Reporting from Santa Barbara — With images of the Gulf Coast oil spill still fresh in voters' minds, Democratic Sen. Barbara Boxer campaigned in Santa Barbara on Wednesday, arguing that Carly Fiorina's support for additional oil drilling off California's coast could threaten the jobs of nearly 400,000 workers whose livelihoods depend on the coastal economy.
Deliberately making an economic argument as well as an environmental one, Boxer spoke before a backdrop of blue and yellow kayaks at a small adventure touring company where the owner introduced her by asking the audience to imagine how their lives would change if "the devastation in the Gulf Coast were happening here."
"We're not going to have 'drill, baby, drill' off the coast," Boxer told the small crowd, using a phrase popularized by former Republican vice presidential candidate Sarah Palin in 2008 when gas prices had shot up to nearly $5 a gallon. "For people in this state that love their environment, that love their coast, that love their ocean, that really appreciate the 400,000 jobs that are coastal-related, this race is very pivotal."
The three-term senator called her Republican rival's openness to offshore drilling "a direct attack on our $23-billion coastal economy" and said the last California senator to take a pro-drilling stance was S.I. Hayakawa. "That was 28 years ago, OK? We cannot go back to that yesterday."
In making her case in Santa Barbara, where an oil platform blowout in 1969 slicked 35 miles of coastline with black goo, Boxer was attempting to strike an emotional chord with coastal voters while portraying her opponent as out of touch. Fiorina, working the other side of the environmental issue, has been making a similar effort recently by campaigning in the Central Valley among voters who blame environmental restrictions on irrigation for the poor farm economy.
Recent polls show that a growing majority of California voters oppose additional drilling offshore. And because of Boxer's strong liberal leanings on most issues, UC San Diego professor Thad Kousser said, drilling may be one of the most effective wedge issues at her disposal.
"The Republican Party has lost the most support in the last 20 years in these coastal areas where voters are conservative on fiscal issues, liberal on social issues and liberal on environmental issues," Kousser said. "So she is definitely trying to get those Santa Barbara Republicans, Central Coast Republicans, even Los Angeles Republicans."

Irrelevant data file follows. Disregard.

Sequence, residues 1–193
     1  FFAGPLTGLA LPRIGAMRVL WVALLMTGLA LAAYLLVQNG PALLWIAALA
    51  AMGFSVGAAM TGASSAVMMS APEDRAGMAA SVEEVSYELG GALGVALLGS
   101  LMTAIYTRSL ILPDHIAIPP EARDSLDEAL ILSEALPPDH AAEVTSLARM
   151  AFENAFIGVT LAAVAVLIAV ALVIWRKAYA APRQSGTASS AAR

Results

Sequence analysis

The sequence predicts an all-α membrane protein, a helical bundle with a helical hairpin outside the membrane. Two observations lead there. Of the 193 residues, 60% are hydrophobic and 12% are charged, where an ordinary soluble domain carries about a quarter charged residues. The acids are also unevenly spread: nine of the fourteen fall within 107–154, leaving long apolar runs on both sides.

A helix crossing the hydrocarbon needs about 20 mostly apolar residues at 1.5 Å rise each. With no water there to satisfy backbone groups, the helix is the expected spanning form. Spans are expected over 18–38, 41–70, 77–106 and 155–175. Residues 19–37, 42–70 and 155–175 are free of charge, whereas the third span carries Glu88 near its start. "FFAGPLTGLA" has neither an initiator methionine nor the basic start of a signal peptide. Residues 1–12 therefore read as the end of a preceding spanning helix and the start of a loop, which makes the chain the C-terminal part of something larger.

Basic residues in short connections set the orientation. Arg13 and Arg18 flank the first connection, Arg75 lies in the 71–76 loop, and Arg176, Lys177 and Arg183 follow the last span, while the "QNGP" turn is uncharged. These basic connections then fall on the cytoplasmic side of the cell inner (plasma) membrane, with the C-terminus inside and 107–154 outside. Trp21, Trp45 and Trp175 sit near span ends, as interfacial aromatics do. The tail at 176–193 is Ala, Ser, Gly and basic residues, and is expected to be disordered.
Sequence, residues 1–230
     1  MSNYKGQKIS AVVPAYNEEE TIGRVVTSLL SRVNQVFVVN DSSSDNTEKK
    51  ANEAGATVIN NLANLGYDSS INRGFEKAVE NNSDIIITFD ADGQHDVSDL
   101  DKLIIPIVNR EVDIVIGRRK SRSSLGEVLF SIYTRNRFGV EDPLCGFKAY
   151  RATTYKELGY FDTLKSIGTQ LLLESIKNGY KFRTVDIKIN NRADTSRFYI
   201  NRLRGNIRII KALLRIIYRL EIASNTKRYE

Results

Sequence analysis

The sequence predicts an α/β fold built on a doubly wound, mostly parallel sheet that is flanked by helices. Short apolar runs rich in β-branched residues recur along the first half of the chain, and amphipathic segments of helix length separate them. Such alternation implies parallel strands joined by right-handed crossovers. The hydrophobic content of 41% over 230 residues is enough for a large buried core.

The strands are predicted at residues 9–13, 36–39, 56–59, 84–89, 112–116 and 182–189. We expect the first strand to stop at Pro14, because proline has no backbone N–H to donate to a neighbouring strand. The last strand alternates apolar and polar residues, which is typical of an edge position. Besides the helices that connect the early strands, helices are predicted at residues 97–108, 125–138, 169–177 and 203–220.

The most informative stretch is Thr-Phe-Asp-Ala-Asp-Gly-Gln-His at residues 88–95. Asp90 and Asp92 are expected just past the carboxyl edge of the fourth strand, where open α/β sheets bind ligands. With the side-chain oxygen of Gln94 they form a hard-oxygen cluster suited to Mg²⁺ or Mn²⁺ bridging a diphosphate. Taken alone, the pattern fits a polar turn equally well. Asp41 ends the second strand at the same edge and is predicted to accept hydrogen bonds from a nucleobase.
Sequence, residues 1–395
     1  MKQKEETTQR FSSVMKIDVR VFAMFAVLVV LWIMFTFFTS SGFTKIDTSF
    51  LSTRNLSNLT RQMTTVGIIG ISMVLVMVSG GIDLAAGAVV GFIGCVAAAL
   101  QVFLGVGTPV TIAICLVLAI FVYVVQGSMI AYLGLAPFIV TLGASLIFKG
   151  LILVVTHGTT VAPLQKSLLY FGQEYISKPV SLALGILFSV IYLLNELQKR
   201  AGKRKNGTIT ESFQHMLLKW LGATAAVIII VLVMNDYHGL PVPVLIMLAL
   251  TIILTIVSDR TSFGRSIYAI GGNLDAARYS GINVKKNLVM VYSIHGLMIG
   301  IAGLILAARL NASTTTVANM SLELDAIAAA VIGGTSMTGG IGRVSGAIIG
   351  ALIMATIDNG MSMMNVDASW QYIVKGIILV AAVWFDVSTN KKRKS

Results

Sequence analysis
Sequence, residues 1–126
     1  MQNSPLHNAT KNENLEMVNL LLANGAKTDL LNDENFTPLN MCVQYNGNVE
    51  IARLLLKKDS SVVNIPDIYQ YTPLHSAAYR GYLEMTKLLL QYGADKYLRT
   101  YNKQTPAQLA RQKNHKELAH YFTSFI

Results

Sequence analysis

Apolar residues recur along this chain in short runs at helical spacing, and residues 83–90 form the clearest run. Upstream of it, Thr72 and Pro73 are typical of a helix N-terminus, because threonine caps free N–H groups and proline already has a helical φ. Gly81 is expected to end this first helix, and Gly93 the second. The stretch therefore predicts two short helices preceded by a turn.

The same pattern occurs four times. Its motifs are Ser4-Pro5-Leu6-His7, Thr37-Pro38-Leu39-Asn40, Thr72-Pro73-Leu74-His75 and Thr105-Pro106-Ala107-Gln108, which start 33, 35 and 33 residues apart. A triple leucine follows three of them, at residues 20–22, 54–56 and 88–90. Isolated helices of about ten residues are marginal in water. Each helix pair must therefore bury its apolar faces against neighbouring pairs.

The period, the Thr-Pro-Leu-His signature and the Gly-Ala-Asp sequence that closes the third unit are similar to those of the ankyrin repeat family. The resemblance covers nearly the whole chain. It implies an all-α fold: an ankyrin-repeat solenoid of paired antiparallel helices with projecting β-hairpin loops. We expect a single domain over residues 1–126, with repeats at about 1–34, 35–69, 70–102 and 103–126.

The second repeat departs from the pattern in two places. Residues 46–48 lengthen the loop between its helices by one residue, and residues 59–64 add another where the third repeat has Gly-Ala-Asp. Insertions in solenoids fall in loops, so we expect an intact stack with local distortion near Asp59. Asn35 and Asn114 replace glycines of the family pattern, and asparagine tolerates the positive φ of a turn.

Fiorina's pro-drilling stance in the primary surprised some political analysts because opposition to drilling has long been a stance that Republican candidates have used to appeal to middle-of-the-road California voters. Don Sipple, a Republican media strategist who advised former Gov. Pete Wilson and Gov. Arnold Schwarzenegger, said that particularly after the Gulf oil spill, it continues to be "a high-intensity emotional issue to a lot of people in coastal California."
"There was a brief period of time when gas was at $4.60 a gallon where even coastal voters were open to more offshore drilling if it was going to lower their gas prices, but the disaster in the Gulf then put that to a quick end," Sipple said. Though many other issues and personal qualities "are going to factor a bit larger in the race," he said, "among a certain number of voters, this a smart move by Boxer."
Fiorina, who campaigned in San Diego on Wednesday and touted a new endorsement from the National Federation of Independent Business, has said that California must take advantage "of every source of energy we have in an environmentally responsible way." During one primary debate, she blamed "extreme environmentalists" for preventing drilling in the Arctic National Wildlife Refuge.
After the Gulf oil spill, the former Hewlett Packard chief executive said government regulators clearly had been "asleep at the switch," but that their failures should not become an excuse to block additional drilling which, she said, would create more jobs and reduce the nation's dependence on foreign oil.
Fiorina spokeswoman Julie Soderlund said the Republican candidate supports the expansion of offshore drilling in California only "if the people of California approve it."
Boxer, she said, is "using distortion to deflect from her terrible record when it comes to job creation. If she wants to talk about 400,000 jobs, she should talk about the 400,000 jobs that she promised Californians when the [federal] stimulus passed that haven't been delivered."
Fiorina also has come out strongly against a proposal for a permanent ban on additional drilling off the West Coast, legislation that is co-sponsored by Boxer, Calif. Sen. Dianne Feinstein and senators from Oregon and Washington. Fiorina said the proposed ban unfairly takes the "decision out of Californians' hands."
The Obama administration has barred new offshore drilling off the California coast through 2017. But hinting at the challenges facing Democrats this year and potentially in 2012, Boxer said the moratorium through 2017 could be rolled back "by the next president if it's not Barack Obama."
She quickly added that she expected Obama to win reelection, "but you don't know what the future holds."